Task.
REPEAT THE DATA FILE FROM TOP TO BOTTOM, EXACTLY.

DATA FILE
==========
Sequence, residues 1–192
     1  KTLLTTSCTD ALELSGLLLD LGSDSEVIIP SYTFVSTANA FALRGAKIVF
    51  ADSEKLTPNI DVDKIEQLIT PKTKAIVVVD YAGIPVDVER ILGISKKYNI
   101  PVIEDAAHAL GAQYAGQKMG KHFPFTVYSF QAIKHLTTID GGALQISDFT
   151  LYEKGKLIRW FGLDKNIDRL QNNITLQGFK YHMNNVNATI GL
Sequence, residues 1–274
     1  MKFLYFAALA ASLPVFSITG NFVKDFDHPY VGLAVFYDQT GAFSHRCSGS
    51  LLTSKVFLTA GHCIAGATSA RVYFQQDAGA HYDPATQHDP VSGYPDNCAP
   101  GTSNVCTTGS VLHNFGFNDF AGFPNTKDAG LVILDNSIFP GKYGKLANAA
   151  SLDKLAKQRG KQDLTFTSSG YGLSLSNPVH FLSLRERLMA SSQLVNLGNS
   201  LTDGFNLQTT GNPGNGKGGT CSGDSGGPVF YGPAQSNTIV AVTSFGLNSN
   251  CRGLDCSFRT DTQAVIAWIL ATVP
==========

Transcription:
Sequence, residues 1–192
     1  KTLLTTSCTD ALELSGLLLD LGSDSEVIIP SYTFVSTANA FALRGAKIVF
    51  ADSEKLTPNI DVDKIEQLIT PKTKAIVVVD YAGIPVDVER ILGISKKYNI
   101  PVIEDAAHAL GAQYAGQKMG KHFPFTVYSF QAIKHLTTID GGALQISDFT
   151  LYEKGKLIRW FGLDKNIDRL QNNITLQGFK YHMNNVNATI GL
Sequence, residues 1–274
     1  MKFLYFAALA ASLPVFSITG NFVKDFDHPY VGLAVFYDQT GAFSHRCSGS
    51  LLTSKVFLTA GHCIAGATSA RVYFQQDAGA HYDPATQHDP VSGYPDNCAP
   101  GTSNVCTTGS VLHNFGFNDF AGFPNTKDAG LVILDNSIFP GKYGKLANAA
   151  SLDKLAKQRG KQDLTFTSSG YGLSLSNPVH FLSLRERLMA SSQLVNLGNS
   201  LTDGFNLQTT GNPGNGKGGT CSGDSGGPVF YGPAQSNTIV AVTSFGLNSN
   251  CRGLDCSFRT DTQAVIAWIL ATVP